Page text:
Tobacco Center Faculty Blog

May 10, 2012

Stanton A. Glantz, PhD

The attorneys general just sent made VERY strong letters to the studios telling them to get smoking out of youth-rated films.  The letter will curl your hair.

It is especially encouraging that, in this day of divisive hyperpartisanship, the signatories are so bipartisan. Of 25 GOP-affiliated AGs, 13 (52%) signed and of 27 Democratic AGs, 21 (78%) signed.  (The remaining are unaffiliated.)

People should thank the AGs who signed and ask the few that didn't ... including my AG, Kamala Harris ... why they didn't.

May 10, 2012 — BREAKING NEWS

MOVIE STUDIOS SHOULD STOP DEPICTING SMOKING IN YOUTH-RATED MOVIES, SAY ATTORNEYS GENERAL

May 9, 2012

Stanton A. Glantz, PhD

The National Institutes of Health has announced that it is creating a new  "National Institute of Substance Use and Addiction Disorders" and invited public comment on this plan. If done well, this could be an improvement.  If done poorly -- particularly if all tobacco-related work was swept into the new institute -- this plan could do great harm to the tobacco research enterprise.  The public comment period is open until 11:59 PM on Friday May 11.  While the deadline is near, I urge everyone to put in comments on this proposal.

Details of the proposal are at http://grants.nih.gov/grants/guide/notice-files/NOT-OD-12-045.html, where you can post a comment.

Here is the public comment I submitted:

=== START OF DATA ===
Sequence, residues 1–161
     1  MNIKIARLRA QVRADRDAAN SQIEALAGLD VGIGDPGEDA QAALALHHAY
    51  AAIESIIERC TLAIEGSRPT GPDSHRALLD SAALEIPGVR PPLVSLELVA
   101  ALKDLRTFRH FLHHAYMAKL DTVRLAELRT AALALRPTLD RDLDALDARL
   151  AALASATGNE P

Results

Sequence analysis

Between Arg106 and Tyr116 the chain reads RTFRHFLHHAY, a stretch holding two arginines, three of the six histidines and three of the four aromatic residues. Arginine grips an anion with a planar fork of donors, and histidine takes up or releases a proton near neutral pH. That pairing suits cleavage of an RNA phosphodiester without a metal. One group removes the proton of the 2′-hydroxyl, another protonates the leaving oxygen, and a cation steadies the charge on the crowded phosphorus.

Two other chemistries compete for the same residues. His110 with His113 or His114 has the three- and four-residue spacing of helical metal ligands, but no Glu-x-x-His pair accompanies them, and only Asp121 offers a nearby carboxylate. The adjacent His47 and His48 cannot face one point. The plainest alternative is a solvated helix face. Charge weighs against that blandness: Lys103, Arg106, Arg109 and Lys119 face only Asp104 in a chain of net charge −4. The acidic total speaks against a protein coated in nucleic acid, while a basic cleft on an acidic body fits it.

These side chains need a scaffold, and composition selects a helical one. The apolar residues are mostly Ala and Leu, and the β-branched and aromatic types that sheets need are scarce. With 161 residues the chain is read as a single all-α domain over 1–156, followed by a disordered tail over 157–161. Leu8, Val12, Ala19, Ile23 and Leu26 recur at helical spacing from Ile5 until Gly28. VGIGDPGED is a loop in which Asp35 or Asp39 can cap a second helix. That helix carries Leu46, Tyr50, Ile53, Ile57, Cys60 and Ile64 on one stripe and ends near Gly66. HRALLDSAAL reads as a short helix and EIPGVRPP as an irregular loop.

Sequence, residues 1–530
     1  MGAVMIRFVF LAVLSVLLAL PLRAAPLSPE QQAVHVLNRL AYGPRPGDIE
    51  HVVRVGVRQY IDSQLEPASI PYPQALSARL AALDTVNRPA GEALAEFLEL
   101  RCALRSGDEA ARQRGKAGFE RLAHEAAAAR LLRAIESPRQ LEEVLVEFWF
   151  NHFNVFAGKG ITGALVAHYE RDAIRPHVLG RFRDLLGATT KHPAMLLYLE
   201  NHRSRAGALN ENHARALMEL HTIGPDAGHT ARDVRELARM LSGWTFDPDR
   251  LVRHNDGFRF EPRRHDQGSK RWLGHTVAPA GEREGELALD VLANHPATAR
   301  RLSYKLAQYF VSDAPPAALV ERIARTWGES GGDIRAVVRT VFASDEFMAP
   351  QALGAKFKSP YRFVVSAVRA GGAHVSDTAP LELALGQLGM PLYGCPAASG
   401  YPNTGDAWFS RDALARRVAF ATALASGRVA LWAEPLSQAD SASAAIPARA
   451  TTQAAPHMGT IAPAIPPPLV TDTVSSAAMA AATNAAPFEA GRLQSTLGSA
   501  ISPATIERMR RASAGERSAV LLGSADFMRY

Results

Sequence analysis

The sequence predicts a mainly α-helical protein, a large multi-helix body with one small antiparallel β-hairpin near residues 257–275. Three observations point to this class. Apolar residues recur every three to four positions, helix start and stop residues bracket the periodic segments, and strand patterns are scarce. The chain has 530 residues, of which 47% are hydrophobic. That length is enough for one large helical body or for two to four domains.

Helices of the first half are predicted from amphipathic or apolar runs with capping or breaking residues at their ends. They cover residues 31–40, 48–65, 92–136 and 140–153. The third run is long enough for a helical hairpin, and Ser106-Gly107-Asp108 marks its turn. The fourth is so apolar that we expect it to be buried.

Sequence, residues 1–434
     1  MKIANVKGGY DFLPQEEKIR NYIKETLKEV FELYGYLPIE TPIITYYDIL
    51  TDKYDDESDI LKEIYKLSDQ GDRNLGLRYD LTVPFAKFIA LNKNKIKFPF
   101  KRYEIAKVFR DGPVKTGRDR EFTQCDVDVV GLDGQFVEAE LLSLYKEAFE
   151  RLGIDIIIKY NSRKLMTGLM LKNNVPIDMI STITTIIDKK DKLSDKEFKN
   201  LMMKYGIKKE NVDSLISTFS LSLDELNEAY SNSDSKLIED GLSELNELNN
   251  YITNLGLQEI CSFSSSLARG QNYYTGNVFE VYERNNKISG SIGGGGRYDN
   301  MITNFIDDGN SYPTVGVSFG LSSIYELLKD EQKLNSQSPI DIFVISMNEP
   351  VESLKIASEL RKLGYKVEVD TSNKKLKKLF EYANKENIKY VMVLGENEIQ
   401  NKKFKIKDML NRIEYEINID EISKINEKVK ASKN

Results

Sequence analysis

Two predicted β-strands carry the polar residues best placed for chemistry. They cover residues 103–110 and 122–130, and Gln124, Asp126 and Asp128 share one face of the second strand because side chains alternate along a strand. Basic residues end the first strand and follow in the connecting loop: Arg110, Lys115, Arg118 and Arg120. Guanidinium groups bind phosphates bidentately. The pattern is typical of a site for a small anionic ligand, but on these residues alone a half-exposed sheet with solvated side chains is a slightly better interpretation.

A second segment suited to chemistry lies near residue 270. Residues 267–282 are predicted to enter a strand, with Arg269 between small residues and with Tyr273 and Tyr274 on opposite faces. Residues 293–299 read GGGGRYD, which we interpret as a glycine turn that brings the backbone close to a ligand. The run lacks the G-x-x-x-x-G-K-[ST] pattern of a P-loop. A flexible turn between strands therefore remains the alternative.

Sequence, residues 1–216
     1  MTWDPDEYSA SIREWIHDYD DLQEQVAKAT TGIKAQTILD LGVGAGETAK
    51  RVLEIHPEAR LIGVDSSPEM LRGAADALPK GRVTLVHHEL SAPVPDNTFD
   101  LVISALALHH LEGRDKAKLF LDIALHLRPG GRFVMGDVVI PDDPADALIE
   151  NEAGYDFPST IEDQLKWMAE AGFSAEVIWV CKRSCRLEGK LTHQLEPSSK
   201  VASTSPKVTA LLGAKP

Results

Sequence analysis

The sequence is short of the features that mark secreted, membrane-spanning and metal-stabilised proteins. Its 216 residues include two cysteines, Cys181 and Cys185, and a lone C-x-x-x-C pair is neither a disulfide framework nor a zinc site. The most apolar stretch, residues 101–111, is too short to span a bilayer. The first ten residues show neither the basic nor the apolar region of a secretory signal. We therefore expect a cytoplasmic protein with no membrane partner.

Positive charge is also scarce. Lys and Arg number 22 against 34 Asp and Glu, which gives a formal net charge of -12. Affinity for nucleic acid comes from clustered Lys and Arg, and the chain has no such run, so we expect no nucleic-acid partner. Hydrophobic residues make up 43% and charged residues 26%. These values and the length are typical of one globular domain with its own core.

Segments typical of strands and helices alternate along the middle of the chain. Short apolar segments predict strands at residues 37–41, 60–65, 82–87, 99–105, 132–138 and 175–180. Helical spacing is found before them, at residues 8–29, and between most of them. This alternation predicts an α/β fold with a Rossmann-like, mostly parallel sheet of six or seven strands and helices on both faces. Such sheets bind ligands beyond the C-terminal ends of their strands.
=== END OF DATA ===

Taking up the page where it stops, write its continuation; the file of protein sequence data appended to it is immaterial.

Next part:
May 7, 2012

Stanton A. Glantz, PhD

The San Francisco Chronicle just reported that Philip Morris gave Jerry Brown a sizable contribution for his re-election campaign 2 1/2 years from now.

I can think of several reasons that Philip Morris would make such an investment:

1. Brown has allowed tobacco industry No-on-29 spokesphysican LaDonna Porter to continue to served on the Proposition 65 Development and Reproductive Toxicants (DART) committee, despite her consistent work for the tobacco and perchlorate industries.  Maybe Big Tobacco doesn't want the embarrassment of Brown removing her from the committee.

2. Brown has not taken a position on Proposition 29.  Maybe Big Tobacco wants to keep him quiet on the issue.

April 26, 2012

Stanton A. Glantz, PhD

Her work fronting for the tobacco industry in its' advertising against California's Proposition 29 is not Dr. LaDonna Porter's first work promoting a toxic industry.  (You the ad she made for the tobacco companies by clicking here.)

According to the Wall Street Journal, she fronted for the chemical industry a decade ago in opposing strict regulation of percholarte, a water pollutant that has particularly bad effects on infants.  Here is the key part of the story:

"The furor the EPA had stirred was soon evident at a gathering known as a peer-review workshop, where a panel of scientists discussed the proposal. The workshop took place in early 2002 in Sacramento, near the site of decades of groundwater perchlorate pollution from an Aerojet missile factory.

April 22, 2012

Stanton A. Glantz, PhD

The California Taxpayers Association (CalTax) and the California Hispanic Chambers of Commerce, which signed the "No on 29" ballot arguments have long histories of working with the cigarette companies, including "donations" from Philip Morris over the years.

You can see the documents in the Legacy Tobacco Documents Library on them by clicking on these links for CalTax and California Hispanic Chambers of Commerce.

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